"I would have followed him through Hell," said one of the men who was serving with George Pearkes at Passchendaele where he won the Victoria Cross. If his men were devoted to him, he was equally so to them. In the character of this distinguished Canadian soldier and statesman "most conspicuous bravery," "utmost gallantry," and "supreme contempt of danger" were combined with a deep sense of duty and a zeal for service.
Set against the background of Canada's twentieth century transformation from a rural and agricultural society into an urban technological nation, General Pearkes's career makes a compelling biographical study.
After proving up his homestead in Alberta, Pearkes joined the Royal North West Mounted Police and served in the Yukon until he was able to purchase his discharge and enlist in 1915. In Europe he was soon in the trenches, where, wounded five times, he saw the Canadian Army engage in battle after battle on the Western Front and win a reputation as an elite corps.
In the two decades between the World Wars Pearkes served in the small permanent force as district commander, deputy commandant at the Royal Military College, Kingston, and as Director of Military Training in Ottawa. Neglect and apathy in the 1920's and financial stringencies and isolationism in the 1930's made the task of maintaining the militia in a state of preparedness increasingly difficult.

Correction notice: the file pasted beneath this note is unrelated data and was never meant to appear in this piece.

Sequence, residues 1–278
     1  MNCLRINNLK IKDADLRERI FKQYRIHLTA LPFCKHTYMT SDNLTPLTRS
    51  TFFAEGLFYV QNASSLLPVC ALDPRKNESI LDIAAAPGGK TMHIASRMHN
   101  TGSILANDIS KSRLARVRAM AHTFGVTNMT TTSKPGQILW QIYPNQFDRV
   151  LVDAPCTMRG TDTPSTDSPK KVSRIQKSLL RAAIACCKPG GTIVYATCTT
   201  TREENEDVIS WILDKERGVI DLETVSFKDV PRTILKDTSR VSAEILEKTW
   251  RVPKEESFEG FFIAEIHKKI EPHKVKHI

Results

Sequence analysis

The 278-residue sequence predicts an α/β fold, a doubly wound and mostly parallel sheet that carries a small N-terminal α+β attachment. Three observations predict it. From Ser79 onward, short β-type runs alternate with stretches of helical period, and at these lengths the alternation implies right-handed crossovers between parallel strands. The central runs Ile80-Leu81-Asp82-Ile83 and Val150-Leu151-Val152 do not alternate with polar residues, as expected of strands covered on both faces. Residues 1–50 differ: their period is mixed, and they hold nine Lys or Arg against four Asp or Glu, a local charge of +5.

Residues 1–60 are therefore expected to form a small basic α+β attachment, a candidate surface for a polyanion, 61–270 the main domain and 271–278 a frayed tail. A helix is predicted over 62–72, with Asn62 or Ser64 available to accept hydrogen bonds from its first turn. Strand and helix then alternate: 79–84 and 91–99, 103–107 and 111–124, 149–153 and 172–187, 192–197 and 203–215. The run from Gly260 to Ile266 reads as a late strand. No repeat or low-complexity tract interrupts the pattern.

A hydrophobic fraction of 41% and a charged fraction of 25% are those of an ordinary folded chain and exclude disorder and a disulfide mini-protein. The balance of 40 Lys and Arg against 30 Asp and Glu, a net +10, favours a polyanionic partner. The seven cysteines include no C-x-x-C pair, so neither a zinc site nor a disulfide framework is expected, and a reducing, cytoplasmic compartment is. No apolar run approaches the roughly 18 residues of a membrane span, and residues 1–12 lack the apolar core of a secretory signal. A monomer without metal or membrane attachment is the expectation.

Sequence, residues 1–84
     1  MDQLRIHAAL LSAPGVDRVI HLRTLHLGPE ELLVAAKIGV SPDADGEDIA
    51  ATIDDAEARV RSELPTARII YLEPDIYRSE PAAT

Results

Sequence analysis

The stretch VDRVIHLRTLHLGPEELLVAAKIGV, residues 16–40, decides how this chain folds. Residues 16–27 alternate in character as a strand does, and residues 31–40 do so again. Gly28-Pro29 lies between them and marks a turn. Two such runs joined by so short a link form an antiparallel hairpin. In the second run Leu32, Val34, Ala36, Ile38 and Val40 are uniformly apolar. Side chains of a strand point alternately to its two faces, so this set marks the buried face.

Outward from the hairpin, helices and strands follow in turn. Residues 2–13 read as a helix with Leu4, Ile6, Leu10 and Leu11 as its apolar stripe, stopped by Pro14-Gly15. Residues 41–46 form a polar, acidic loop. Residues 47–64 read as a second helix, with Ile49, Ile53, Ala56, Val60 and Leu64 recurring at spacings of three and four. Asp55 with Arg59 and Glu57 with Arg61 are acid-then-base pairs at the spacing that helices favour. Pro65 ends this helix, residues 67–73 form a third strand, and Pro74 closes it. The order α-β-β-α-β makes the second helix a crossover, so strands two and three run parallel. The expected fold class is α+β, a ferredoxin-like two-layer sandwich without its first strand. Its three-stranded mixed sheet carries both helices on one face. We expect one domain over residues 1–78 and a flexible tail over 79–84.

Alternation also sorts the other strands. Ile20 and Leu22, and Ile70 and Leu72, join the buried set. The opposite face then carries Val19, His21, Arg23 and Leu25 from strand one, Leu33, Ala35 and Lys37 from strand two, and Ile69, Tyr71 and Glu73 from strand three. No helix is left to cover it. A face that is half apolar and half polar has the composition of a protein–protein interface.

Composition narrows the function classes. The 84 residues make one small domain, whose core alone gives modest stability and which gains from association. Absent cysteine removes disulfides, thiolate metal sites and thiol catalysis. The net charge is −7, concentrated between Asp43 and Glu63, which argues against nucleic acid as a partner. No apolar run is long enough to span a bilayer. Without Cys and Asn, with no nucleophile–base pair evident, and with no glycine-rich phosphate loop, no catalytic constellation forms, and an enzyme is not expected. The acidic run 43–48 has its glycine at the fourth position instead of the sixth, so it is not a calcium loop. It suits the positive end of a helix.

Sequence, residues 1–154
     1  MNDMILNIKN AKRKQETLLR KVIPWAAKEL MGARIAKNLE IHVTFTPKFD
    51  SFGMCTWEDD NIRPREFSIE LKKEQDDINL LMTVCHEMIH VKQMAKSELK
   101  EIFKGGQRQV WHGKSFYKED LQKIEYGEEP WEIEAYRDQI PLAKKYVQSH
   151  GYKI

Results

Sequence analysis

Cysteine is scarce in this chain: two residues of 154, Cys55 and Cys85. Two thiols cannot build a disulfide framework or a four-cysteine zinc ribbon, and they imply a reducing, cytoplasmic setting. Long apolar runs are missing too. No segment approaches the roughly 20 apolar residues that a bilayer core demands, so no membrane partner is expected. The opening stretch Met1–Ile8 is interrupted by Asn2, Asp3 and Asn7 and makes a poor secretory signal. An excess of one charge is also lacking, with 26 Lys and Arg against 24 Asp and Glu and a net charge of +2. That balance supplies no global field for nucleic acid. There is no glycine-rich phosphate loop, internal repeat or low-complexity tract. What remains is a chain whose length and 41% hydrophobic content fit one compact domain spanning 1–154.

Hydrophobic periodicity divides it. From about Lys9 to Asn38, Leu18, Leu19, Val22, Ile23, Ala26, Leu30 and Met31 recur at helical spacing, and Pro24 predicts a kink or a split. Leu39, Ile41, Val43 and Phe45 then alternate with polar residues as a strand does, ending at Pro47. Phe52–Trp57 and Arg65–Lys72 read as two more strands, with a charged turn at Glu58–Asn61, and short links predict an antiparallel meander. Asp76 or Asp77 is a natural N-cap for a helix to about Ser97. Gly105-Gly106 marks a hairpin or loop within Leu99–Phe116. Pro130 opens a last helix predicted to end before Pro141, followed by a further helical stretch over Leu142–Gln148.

When the inevitable war broke out in September 1939, Pearkes was among those who had to forge the weapon. Until late in 1942, when he was recalled to Canada to take charge of the Pacific Command, Pearkes served overseas training the 2nd Brigade and later the 1st Division as the Battle of Britain was waged overhead and plans and techniques for the eventual invasion of Europe were perfected. Back in Canada he became involved in the major political furore caused by the continuing need for reinforcements. Pearkes's role in the conscription crisis and the "Generals' Revolt" sheds new light on these important issues.
Shortly before the war ended, Pearkes retired, but he soon accepted the call to stand as a member of Parliament. From 1945 to 1960, when he was appointed lieutenant-governor of British Columbia, he served as a Conservative defence critic and as Minister of Defence in the Diefenbaker cabinet. He was deeply involved in the highly charged and hotly debated decisions of the cold war era, including Bomarc, the Arrow, NATO, NORAD, and provisions for civil defence, and his views on them will be significant to those interested in Canadian political and military history.